The feudal system survives in the steep inequality of property and privilege, in the limited franchise, in the social barriers which confine patronage and promotion to a caste, and still more in the submissive ideas pervading these people. The fagging of the schools is repeated in the social classes. An Englishman shows no mercy to those below him in the social scale, as he looks for none from those above him; any forbearance from his superiors surprises him, and they suffer in his good opinion. But the feudal system can be seen with less pain on large historical grounds. It was pleaded in mitigation of the rotten borough, that it worked well, that substantial justice was done. Fox, Burke, Pitt, Erskine, Wilberforce, Sheridan, Romilly, or whatever national men, were by this means sent to Parliament, when their return by large constituencies would have been doubtful. So now we say, that the right measures of England are the men it bred; that it has yielded more able men in five hundred years than any other nation; and, though we must not play Providence, and balance the chances of producing ten great men against the comfort of ten thousand mean men, yet retrospectively we may strike the balance, and prefer one Alfred, one Shakspeare, one Milton, one Sidney, one Raleigh, one Wellington, to a million foolish democrats.
The American system is more democratic, more humane; yet the American people do not yield better or more able men, or more inventions or books or benefits, than the English. Congress is not wiser or better than Parliament. France has abolished its suffocating old régime , but is not recently marked by any more wisdom or virtue.
The power of performance has not been exceeded,--the creation of value. The English have given importance to individuals, a principal end and fruit of every society. Every man is allowed and encouraged to be what he is, and is guarded in the indulgence of his whim. "Magna Charta," said Rushworth, "is such a fellow that he will have no sovereign." By this general activity, and by this sacredness of individuals, they have in seven hundred years evolved the principles of freedom. It is the land of patriots, martyrs, sages, and bards, and if the ocean out of which it emerged should wash it away, it will be remembered as an island famous for immortal laws, for the announcements of original right which make the stone tables of liberty.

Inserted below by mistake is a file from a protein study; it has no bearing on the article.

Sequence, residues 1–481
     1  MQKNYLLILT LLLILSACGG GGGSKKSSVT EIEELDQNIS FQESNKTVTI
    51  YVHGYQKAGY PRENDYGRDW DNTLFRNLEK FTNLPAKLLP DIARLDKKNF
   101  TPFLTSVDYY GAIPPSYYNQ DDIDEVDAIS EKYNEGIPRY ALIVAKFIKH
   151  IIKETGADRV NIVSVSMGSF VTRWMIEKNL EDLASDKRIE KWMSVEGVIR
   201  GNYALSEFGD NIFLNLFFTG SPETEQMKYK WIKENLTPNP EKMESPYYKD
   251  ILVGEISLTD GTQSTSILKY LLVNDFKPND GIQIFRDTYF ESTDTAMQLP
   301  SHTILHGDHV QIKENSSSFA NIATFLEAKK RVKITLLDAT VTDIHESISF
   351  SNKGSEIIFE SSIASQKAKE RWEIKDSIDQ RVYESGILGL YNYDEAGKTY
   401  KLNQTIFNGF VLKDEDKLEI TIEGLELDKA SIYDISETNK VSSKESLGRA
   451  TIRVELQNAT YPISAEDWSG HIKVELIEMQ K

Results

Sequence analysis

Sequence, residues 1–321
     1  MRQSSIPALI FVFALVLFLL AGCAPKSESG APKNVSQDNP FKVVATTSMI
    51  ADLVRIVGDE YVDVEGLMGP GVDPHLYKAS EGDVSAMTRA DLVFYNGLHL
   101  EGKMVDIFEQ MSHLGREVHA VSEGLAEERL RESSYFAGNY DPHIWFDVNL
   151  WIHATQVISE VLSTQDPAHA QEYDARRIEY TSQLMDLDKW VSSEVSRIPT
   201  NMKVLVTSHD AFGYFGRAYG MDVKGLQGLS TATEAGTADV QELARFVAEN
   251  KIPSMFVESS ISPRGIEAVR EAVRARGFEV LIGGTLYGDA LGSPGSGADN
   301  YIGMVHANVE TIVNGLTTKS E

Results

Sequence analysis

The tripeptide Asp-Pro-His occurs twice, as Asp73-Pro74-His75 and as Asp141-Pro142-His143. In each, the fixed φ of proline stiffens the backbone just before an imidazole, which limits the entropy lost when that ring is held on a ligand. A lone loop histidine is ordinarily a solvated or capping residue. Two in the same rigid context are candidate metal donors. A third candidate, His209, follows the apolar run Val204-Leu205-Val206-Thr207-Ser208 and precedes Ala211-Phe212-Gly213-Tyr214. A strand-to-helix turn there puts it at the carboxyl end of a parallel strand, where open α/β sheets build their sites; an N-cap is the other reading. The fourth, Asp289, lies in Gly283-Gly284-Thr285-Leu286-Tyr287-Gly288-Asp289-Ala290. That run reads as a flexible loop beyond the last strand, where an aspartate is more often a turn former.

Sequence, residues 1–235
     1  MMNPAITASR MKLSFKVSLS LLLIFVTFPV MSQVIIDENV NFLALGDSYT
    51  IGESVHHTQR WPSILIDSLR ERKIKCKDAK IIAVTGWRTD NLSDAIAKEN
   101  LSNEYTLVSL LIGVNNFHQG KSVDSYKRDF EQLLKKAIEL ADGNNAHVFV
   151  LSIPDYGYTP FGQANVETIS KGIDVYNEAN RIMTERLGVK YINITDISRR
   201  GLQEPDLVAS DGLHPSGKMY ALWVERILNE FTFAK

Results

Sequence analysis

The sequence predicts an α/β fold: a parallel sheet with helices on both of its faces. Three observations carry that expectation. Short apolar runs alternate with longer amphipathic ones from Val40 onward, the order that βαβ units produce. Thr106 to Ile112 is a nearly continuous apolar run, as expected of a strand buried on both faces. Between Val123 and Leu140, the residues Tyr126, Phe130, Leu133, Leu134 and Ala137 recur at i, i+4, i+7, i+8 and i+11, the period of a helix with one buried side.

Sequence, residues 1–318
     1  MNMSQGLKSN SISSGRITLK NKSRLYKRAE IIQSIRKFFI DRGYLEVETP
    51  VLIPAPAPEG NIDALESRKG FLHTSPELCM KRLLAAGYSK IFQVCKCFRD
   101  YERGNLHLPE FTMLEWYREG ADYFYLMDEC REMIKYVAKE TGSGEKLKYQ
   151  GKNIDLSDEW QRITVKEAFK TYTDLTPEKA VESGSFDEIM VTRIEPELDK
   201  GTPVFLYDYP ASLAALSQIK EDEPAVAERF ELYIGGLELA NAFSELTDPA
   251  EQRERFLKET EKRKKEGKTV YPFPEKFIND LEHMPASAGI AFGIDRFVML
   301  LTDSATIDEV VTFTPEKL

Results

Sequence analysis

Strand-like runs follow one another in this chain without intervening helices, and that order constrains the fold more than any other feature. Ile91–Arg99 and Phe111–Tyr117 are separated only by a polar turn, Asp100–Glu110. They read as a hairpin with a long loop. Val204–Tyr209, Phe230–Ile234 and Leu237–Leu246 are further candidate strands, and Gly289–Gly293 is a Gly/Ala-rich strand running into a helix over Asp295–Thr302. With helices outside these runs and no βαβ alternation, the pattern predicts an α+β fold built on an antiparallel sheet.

CHAPTER I.--FIRST VISIT TO ENGLAND.
CHAPTER II.--VOYAGE TO ENGLAND.
CHAPTER IX. --COCKAYNE.
CHAPTER XV.--THE "TIMES."
CHAPTER XIX.--SPEECH AT MANCHESTER.
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Before he was the "Sage of Concord" and a driving force behind the Transcendental Movement of the 19th century, American poet and philosopher RALPH WALDO EMERSON (1803-1882) journeyed to England as a young man, the first of two trips to the Sceptred Isle.
This delightful 1856 book is his examination of the British character gleaned from his travels in England, from the nature of their character to their love of humor, from their celebration of wealth and aristocracy to the grace of its religion.
Not just an intriguing look at the people and places of Britain in the 19th century but an illuminating look inside the mind of a writer who remains a major figure in American literature, this is must-reading for fans of Emerson and of England.About the Author:
Ralph Waldo Emerson was the leading proponent of the Transcendentalist movement of the mid-nineteenth century. He was ordained as a Unitarian minister at Harvard Divinity School but served for only three years before developing his own spiritual philosophy based on individualism and intuition. His essay Nature" is arguably his best-known work and was both groundbreaking and highly controversial when it was first published. Emerson also wrote poetry and lectured widely across the US.
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